Store brands programs for food retailers are in the midst of a major transition, and even though these brands historically compete with CPG manufacturers, now is the time to learn from their success.
Historically, the strategy of store brands was to replicate national brands, forcing the store brand to be reactive. Many food retailers now take a proactive approach to store brands, defining their own markets and whitespaces, and tailoring products and assortments to customer and regional preferences. Store brand product innovation, which formerly relied on national brands for inspiration, is now driven from the “outside-in” by leveraging consumer insights drawn from multiple data sources and store-level learnings. And while shoppers used to merely tolerate private label programs, they now expect to see store brands featured in store assortments and are excited by their value proposition.
From an operational perspective, store brand divisions have evolved from exception-based, small operations to scalable organizations supporting a third or more of some retailers’ businesses. Correspondingly, technologies employed to support store brands have evolved from spreadsheets, databases, and home-grown solutions to product lifecycle management (PLM) technology with advanced analytics and balanced scorecards.
A number of food retailers are transitioning their private label programs by successfully translating the following leading CPG innovation transformation practices and adapting them into retail. We break these leading practices into buckets that align with the transformation process – Get Ready, Define Strategy, Transform Capabilities, and Sustain Transformation.
12 Leading Practices that Retailers Can Learn from CPG Manufacturers
Define an Innovation Leader – Leading retailers and CPG manufacturers have created innovation leader roles, such as VP of Innovation, to drive their innovation transformation efforts.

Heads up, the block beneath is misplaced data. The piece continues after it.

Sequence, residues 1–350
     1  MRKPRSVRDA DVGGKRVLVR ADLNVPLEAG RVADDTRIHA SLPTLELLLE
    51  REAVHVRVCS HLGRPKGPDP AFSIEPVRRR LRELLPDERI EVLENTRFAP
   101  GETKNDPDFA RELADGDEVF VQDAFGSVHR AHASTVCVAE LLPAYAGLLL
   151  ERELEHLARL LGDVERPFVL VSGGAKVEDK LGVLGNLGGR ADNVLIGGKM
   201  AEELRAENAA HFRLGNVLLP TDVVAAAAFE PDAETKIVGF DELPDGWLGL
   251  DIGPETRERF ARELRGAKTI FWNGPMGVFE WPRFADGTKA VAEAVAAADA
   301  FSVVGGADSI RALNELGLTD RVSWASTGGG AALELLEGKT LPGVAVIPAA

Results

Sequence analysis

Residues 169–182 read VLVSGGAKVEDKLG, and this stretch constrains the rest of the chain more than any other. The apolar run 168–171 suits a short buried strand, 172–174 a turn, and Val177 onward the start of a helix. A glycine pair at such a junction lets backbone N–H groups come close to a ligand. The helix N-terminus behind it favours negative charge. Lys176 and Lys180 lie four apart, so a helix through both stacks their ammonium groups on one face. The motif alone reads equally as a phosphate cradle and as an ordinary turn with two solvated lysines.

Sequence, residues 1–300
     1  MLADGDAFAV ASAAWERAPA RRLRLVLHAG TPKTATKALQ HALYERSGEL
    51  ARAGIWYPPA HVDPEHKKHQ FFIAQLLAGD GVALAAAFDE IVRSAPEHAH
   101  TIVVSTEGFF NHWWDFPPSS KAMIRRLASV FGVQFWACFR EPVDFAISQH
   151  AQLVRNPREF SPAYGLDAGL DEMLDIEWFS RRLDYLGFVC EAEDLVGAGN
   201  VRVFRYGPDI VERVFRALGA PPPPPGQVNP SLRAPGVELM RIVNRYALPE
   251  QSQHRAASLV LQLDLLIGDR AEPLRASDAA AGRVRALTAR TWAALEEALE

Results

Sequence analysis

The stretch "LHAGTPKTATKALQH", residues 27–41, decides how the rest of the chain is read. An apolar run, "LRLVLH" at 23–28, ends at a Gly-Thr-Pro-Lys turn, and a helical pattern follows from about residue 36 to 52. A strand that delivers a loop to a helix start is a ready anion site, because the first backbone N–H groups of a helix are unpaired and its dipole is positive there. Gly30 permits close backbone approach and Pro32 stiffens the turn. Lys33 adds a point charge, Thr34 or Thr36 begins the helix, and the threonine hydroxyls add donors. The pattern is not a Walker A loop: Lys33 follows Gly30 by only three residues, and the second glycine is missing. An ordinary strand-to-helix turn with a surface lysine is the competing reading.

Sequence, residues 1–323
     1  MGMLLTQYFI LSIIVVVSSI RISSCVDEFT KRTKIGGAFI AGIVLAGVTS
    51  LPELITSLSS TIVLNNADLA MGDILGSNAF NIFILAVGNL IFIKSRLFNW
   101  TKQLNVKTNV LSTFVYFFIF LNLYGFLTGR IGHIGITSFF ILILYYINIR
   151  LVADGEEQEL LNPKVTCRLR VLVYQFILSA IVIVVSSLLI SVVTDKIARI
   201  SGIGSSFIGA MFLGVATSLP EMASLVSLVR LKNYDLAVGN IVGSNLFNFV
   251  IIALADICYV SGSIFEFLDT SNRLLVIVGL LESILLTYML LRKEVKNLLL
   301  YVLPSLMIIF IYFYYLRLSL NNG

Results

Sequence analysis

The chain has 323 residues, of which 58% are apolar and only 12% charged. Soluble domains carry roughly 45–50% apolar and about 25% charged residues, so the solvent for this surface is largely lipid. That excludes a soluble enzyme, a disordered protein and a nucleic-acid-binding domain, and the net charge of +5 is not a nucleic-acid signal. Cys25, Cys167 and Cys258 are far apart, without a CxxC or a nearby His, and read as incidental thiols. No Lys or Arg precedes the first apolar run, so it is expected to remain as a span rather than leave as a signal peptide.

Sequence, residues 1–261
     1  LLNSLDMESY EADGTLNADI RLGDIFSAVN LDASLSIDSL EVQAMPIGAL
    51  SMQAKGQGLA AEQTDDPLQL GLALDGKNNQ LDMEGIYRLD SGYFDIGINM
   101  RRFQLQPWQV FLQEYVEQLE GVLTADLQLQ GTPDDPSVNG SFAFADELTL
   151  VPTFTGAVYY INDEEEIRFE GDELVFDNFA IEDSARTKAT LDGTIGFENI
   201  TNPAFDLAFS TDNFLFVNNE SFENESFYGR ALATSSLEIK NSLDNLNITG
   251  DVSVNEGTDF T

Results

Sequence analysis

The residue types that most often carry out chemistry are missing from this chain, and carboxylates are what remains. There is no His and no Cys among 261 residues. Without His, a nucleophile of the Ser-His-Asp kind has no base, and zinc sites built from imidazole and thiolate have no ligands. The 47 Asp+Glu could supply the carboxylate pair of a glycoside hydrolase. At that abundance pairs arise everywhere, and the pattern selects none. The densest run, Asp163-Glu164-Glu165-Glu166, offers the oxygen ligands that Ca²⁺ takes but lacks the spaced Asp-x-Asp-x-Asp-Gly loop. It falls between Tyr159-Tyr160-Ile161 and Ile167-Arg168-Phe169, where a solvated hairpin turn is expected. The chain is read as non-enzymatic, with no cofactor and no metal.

Assemble the Best Inside and Outside Talent – Retailers should assemble teams composed of the best inside and outside talent they can find. Match internal rising stars who already know how to navigate their organizations with outside talent from CPG, who bring expertise that the retailer may not have in-house.
Link Innovation to Company Strategy – Growing a profitable store brands program is a top three strategic initiative for many retailers. Store brand strategy must be tightly linked to the overall company strategy.
Set Bold Goals – In order to command the attention and resources of the company, set bold financial goals for store brands programs. Seek to close the gap in store brand penetration between US and European grocers (the private label market share for European grocers ranges from 35-45% of volume1).
Maximize Portfolio Management – Retailers should treat the R&D pipeline as a strategic asset to be managed and optimized. Recognize that the portfolio, in aggregate, can be manipulated to drive better financial success.
Use Stores and Website as Test Labs – One of the things retailers have that CPG companies do not is a full fleet of stores; retailers should use stores and websites as strategic assets to test, learn and modify new store brand products prior to a full launch.
Integrate Unique Data Sources – Another thing retailers have that CPG companies do not is the combination of loyalty card data, web site data and POS data for new product development (NPD) purposes. Retailers should integrate these data sources and apply advanced analytics to glean insight for innovation in NPD.
Get a Seat at the Table – The store brands organization should not be treated as just another vendor; they should be collaborative partners at the most senior levels in strategy, category management, marketing and store level execution.
Expect a Multi-Year Program – Treat innovation transformation as a multi-year program, expecting a 3-year journey managed as an integrated program with program management principles, practices and tools.
Enable Transformation through PLM – Implement advanced Product Lifecycle Management (PLM) and Project & Portfolio Management (PPM) solutions to serve as a driver for innovation transformation. When properly linked to program management, organization redesign, process redesign, and change leadership, PLM can serve as a positive catalyst for change.
Become a Crime Scene Investigator – Channels (including stores, online and mobile selling and social media) are the “scene of the crime” for the execution of innovation. To evaluate and improve execution, retailers need to take an almost forensic approach to understanding what works and what doesn’t work at the channel level and create a full circle feedback loop into the product development process.
Implement an Innovation Balanced Scorecard – Balanced scorecards for innovation are another vehicle for measuring the success of store brand programs along a number of dimensions, such as revenue and margin from new products, consumer sentiment, product development efficiency, and product portfolio yield.